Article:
Few, if any, companies can expect to implement all of these practices at once. Moreover, changing business and organizational conditions may render a best practice today, obsolete tomorrow. Therefore, the implementation of these best practices should be thought of as a journey, not a destination - they should be continually updated and refined as new and better methods emerge.
Garner Executive Support. Like other corporate initiatives, gaining executive buy-in is the linchpin of an effective SM process. Executives must demonstrate their support for SM by articulating the company's SM strategies, embedding SM into standard operating practices, and allocating financial and human resources to SM.
Link SM to HR and Business Strategy. Integrate SM with other HR initiatives, including recruitment, selection, performance management, and development to ensure alignment. Equally as important, is aligning SM with the organization's business strategy. There is a greater likelihood of key stakeholders (e.g., executives, line managers) supporting the SM process if it underpins achieving corporate goals.
Foster Transparency and Accountability. Participants should understand what is required to move or advance within the organization. This means that role requirements, performance expectations, and success factors should be identified and communicated regularly. Furthermore, managers must be held accountable for discussing employees' performance and potential as well as ensuring their development.
Utilize Technology. Implementing SM technology affords 24/7 global access, and integration and sharing of talent data. Additionally, technology solutions facilitate the SM process by eliminating the burden of too much paperwork and heavy administrative tasks. For organizations ill-equipped to migrate to a comprehensive technology platform, interim solutions can be developed to automate heavily administrative components of the SM process and distribution of talent information.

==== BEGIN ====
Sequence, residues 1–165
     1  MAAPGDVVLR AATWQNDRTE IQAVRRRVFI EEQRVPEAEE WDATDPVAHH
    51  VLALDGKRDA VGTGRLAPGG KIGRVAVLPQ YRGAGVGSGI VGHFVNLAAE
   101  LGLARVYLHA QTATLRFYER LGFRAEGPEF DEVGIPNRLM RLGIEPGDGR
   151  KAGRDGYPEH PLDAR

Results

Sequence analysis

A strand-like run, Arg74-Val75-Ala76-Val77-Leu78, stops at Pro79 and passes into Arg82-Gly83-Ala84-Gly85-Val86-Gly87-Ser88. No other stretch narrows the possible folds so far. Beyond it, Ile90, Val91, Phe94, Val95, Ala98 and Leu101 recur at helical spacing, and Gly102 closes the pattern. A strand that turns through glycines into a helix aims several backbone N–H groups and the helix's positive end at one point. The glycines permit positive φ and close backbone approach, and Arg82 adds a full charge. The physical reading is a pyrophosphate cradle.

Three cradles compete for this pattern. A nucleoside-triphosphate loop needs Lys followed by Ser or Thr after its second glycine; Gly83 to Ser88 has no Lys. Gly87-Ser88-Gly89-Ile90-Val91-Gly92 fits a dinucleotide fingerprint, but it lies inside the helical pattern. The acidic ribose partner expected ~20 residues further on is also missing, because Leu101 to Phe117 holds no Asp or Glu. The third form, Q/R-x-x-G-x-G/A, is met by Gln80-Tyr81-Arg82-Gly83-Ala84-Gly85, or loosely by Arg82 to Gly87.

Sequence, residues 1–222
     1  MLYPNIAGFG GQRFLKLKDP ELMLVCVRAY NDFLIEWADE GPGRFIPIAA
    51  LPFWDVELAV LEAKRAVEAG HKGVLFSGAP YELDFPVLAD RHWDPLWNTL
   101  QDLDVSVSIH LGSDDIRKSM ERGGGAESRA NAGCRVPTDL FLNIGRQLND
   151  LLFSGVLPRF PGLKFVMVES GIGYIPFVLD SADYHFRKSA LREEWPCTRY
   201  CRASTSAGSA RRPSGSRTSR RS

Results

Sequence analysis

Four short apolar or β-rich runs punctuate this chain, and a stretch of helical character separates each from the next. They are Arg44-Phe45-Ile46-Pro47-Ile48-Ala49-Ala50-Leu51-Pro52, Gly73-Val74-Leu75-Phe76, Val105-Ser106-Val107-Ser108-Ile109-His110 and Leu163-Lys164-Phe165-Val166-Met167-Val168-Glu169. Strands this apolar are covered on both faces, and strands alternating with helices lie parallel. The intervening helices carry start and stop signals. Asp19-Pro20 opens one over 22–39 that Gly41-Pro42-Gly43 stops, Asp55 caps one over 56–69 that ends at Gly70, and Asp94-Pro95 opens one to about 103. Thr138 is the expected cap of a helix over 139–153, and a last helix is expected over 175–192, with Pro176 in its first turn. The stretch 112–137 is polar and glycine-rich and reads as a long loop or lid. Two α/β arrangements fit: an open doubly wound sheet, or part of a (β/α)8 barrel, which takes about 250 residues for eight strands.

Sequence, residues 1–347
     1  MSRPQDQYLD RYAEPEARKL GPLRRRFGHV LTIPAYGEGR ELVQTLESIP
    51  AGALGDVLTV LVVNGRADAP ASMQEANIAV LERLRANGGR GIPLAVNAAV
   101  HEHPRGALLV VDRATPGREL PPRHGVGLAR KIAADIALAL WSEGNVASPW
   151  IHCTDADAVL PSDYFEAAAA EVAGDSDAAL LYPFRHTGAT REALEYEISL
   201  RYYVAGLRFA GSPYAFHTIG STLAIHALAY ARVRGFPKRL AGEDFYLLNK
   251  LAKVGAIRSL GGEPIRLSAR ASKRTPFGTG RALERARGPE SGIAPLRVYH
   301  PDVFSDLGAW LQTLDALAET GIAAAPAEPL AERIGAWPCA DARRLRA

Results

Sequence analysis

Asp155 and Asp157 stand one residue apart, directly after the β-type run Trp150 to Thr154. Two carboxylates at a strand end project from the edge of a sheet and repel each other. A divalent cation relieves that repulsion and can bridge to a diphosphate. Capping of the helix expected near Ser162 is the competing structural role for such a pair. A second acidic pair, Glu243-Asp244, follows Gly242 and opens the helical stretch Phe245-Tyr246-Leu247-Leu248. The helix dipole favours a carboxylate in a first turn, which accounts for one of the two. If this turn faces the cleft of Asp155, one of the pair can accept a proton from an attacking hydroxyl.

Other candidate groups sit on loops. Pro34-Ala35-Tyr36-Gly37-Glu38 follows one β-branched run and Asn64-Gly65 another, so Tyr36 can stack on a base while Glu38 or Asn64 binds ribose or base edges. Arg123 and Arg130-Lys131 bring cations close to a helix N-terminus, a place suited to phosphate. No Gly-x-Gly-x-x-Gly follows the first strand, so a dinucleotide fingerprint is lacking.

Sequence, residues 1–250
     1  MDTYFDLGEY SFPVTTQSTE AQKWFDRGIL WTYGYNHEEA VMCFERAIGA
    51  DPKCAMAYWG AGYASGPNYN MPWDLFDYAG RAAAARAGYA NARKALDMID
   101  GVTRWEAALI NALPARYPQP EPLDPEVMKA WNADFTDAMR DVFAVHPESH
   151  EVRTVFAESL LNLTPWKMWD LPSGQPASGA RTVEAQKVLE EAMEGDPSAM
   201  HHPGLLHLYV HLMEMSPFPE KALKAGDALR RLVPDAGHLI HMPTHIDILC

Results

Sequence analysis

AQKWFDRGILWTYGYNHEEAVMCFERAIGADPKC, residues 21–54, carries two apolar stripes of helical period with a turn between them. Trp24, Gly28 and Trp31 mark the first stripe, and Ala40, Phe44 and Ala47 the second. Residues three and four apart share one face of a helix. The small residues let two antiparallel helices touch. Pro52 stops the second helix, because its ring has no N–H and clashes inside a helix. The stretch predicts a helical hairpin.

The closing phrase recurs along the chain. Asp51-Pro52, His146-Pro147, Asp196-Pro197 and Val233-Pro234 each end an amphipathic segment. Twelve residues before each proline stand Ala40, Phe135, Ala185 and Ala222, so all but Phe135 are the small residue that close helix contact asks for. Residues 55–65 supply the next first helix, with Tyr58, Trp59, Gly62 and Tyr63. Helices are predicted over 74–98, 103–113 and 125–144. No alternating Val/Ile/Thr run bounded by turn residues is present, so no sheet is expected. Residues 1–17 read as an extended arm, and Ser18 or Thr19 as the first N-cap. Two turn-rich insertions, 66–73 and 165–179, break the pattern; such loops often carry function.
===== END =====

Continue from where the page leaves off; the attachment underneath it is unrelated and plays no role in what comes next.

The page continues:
Promote Talent Assessment and Development . Successful SM systems promote early identification and assessment, as well as continuous development of future leaders. Instead of focusing only on employees' current capabilities, companies must define future leadership requirements and employ valid assessment tools (e.g., assessment centers, 360-degree feedback) to evaluate candidates against these needs. Future leaders must also be provided development experiences early in their careers to ensure they are adequately prepared to take on broader and more significant roles later on.
Develop Metrics and Determine ROI. A key goal of any SM system should be to identify its ROI. At first, determining ROI may seem daunting, but organizations that take the time to collect and analyze data on their SM process will be richly rewarded. Consider both quantitative (e.g., retention rate of internal promotions) and qualitative (e.g., stakeholder perceptions) data sources when determining ROI.
A Model for Effective Succession Management
The model in Figure 1.0 illustrates the key components of a robust SM process, each of which is discussed in more detail below. Each component reflects one or more best practices that distinguish successful SM systems.
Step 1: Define and Link SM Strategy to Company Strategy
The first step in the SM model involves defining and linking the SM strategy to the organization's strategy. SM and the development of future leaders do not occur in a vacuum, but rather reflect a company's strategic objectives and goals. SM must occur during the strategic planning process because it depends so heavily on projected changes in the organization's workforce requirements. To ensure SM supports the company's strategy, consideration must be given to the skills an organization requires now, in 5 years, in 10 years, and further into the future.
Step 2: Critical Position Identification and Talent Assessment